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abstract = "Objectives: To assess relationships between preoperative and postoperative dating of second-trimester surgical abortion. Study design: We used a deidentified institutional database to extract demographic, dating and pathology data for surgical abortions performed at 14 to 23-6/7 weeks’ gestational age (GA) from 9/2015 to 5/2017. We excluded women with multiple gestations, fetal anomalies and missing fetal biometric measurements. We assigned preoperative GA by ultrasonography for unknown last menstrual period (LMP) or when discrepancy between sonographic and LMP dating exceeded 7 days (<15-6/7 weeks), 10 days (16 to 21-6/7 weeks) or 14 days (22 to 23-6/7 weeks). We determined postoperative GA using fetal foot length pathology standards published by Streeter in 1920 and Drey et al. in 2005. We performed regression analysis to estimate the relationship between pre- and postoperative estimates of GA and to assess demographic effects on these estimates, and χ2 tests to assess whether fetal foot lengths were concordant with, larger than or smaller than the expected range for the preoperative GA. Results: The 469 patients analyzed had a median preoperative GA of 19-4/7 weeks (range 14-0/7 to 23-6/7 weeks). Preoperative dating highly correlated with postoperative dating using both pathology standards (r2=0.95, p<.001), without any clinically relevant effect by body mass index (Streeter and Drey, p=.79), parity (Streeter p=.89; Drey p=.71), race (Streeter p=.06; Drey p=.07) or GA. Fetal foot lengths were larger than expected in 134 (28.6{\%}) women using Streeter and 17 (3.6{\%}) women using Drey standards (p<.001). Conclusions: Preoperative dating and postoperative dating for second-trimester surgical abortion highly correlate. Use of Streeter standards results in more women with a postoperative GA greater than expected compared to Drey standards. Implications: Increasing legal gestational age restrictions have placed additional burden on clinicians providing safe abortions, but guidelines on gestational age determination are lacking. Contemporary pathology standards consistent with modern practice and universally accepted by abortion providers and gynecologic pathologists are critical to our goal of safe and legal abortion provision.",
keywords = "Abortion, Fetal foot length, Gestational age, Postnatal foot length, Pregnancy, Ultrasound",
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AU - Hou, Melody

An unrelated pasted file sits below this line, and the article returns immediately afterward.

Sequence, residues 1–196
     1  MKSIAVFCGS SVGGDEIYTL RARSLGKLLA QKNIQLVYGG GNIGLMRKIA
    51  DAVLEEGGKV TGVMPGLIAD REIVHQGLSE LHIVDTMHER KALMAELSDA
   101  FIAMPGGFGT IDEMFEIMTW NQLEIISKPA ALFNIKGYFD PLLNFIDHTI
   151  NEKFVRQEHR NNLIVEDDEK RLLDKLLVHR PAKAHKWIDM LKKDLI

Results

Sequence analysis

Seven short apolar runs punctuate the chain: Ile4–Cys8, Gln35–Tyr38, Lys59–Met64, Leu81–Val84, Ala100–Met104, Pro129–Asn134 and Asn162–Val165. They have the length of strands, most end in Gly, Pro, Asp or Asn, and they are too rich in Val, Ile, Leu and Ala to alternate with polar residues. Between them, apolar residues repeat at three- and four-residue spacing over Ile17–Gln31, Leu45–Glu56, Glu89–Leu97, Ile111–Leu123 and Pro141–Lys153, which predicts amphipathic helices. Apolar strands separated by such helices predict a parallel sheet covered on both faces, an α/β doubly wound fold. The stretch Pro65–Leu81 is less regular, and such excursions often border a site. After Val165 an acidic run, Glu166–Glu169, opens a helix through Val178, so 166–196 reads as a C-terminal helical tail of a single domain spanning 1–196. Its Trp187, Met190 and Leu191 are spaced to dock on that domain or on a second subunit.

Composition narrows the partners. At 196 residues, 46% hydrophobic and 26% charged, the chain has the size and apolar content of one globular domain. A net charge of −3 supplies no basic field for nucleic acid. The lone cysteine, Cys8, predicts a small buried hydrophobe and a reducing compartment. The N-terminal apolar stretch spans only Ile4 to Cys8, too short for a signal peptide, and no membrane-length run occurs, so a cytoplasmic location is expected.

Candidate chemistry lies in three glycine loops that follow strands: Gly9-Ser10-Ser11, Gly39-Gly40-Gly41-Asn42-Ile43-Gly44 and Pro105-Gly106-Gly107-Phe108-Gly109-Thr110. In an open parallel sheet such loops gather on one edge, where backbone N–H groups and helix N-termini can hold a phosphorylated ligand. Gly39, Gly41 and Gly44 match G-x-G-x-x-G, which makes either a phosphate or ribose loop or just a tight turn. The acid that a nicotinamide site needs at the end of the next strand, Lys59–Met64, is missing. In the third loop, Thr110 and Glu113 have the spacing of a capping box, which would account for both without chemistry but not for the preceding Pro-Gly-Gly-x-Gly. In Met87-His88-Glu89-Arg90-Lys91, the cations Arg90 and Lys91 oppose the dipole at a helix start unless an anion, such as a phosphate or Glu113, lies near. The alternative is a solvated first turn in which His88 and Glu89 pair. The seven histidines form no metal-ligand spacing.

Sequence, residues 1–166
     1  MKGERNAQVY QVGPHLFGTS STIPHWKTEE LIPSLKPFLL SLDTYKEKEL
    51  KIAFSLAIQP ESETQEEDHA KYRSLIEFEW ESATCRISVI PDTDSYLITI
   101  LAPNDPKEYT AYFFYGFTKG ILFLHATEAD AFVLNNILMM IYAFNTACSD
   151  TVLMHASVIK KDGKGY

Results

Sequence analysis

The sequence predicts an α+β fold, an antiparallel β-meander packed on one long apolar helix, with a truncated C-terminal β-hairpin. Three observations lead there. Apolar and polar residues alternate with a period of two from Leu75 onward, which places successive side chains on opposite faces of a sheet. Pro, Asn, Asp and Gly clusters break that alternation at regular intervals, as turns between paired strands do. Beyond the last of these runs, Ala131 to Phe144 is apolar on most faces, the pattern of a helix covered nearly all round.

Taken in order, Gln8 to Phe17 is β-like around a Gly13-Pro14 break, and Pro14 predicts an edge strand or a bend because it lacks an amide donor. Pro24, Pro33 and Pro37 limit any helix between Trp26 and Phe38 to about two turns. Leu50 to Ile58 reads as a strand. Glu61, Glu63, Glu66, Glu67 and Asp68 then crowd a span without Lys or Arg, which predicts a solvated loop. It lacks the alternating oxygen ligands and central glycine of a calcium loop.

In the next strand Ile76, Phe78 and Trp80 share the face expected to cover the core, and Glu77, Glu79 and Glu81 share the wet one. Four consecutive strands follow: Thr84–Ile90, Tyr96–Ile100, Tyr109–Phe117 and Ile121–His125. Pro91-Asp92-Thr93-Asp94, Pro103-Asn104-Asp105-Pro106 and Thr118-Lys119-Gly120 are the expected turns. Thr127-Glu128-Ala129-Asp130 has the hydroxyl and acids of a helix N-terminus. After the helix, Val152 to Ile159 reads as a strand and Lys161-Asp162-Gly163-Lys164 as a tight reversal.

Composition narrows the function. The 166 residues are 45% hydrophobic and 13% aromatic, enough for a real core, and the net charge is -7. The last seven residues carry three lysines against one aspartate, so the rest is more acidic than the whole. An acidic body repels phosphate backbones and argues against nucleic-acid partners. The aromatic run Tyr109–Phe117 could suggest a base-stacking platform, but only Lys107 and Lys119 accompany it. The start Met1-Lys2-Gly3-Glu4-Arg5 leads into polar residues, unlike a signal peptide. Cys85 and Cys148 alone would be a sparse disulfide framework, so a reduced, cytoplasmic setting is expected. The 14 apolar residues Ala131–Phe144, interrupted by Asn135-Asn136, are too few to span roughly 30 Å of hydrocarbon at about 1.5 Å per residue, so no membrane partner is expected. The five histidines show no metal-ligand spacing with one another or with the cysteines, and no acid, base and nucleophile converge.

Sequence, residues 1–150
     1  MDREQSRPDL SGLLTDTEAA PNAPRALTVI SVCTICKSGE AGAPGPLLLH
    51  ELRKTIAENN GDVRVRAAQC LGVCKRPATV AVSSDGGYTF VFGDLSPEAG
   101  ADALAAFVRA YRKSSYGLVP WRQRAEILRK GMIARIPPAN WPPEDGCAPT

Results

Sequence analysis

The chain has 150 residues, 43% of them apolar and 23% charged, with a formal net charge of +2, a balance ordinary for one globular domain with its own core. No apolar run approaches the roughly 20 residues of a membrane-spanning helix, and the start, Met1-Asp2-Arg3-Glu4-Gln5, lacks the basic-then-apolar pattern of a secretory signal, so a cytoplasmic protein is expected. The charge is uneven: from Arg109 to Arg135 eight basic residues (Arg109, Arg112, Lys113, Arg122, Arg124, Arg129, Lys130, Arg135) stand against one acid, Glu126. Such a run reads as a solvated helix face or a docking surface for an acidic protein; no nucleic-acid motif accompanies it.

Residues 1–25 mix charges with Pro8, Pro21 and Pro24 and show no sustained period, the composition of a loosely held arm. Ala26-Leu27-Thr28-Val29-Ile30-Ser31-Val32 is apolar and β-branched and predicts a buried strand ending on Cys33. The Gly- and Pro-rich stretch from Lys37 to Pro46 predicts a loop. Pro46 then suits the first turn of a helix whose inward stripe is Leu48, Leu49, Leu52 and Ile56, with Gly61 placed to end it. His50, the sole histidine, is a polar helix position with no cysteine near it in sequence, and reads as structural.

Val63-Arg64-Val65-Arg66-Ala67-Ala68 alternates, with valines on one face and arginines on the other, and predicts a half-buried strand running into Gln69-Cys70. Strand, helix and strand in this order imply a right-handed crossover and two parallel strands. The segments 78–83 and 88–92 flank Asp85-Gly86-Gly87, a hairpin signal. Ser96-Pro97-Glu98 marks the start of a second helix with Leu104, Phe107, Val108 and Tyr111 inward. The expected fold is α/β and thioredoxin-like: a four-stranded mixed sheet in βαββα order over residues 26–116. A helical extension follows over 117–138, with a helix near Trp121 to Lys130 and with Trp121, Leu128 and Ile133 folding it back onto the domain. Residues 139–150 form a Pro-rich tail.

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N2 - Objectives: To assess relationships between preoperative and postoperative dating of second-trimester surgical abortion. Study design: We used a deidentified institutional database to extract demographic, dating and pathology data for surgical abortions performed at 14 to 23-6/7 weeks’ gestational age (GA) from 9/2015 to 5/2017. We excluded women with multiple gestations, fetal anomalies and missing fetal biometric measurements. We assigned preoperative GA by ultrasonography for unknown last menstrual period (LMP) or when discrepancy between sonographic and LMP dating exceeded 7 days (<15-6/7 weeks), 10 days (16 to 21-6/7 weeks) or 14 days (22 to 23-6/7 weeks). We determined postoperative GA using fetal foot length pathology standards published by Streeter in 1920 and Drey et al. in 2005. We performed regression analysis to estimate the relationship between pre- and postoperative estimates of GA and to assess demographic effects on these estimates, and χ2 tests to assess whether fetal foot lengths were concordant with, larger than or smaller than the expected range for the preoperative GA. Results: The 469 patients analyzed had a median preoperative GA of 19-4/7 weeks (range 14-0/7 to 23-6/7 weeks). Preoperative dating highly correlated with postoperative dating using both pathology standards (r2=0.95, p<.001), without any clinically relevant effect by body mass index (Streeter and Drey, p=.79), parity (Streeter p=.89; Drey p=.71), race (Streeter p=.06; Drey p=.07) or GA. Fetal foot lengths were larger than expected in 134 (28.6%) women using Streeter and 17 (3.6%) women using Drey standards (p<.001). Conclusions: Preoperative dating and postoperative dating for second-trimester surgical abortion highly correlate. Use of Streeter standards results in more women with a postoperative GA greater than expected compared to Drey standards. Implications: Increasing legal gestational age restrictions have placed additional burden on clinicians providing safe abortions, but guidelines on gestational age determination are lacking. Contemporary pathology standards consistent with modern practice and universally accepted by abortion providers and gynecologic pathologists are critical to our goal of safe and legal abortion provision.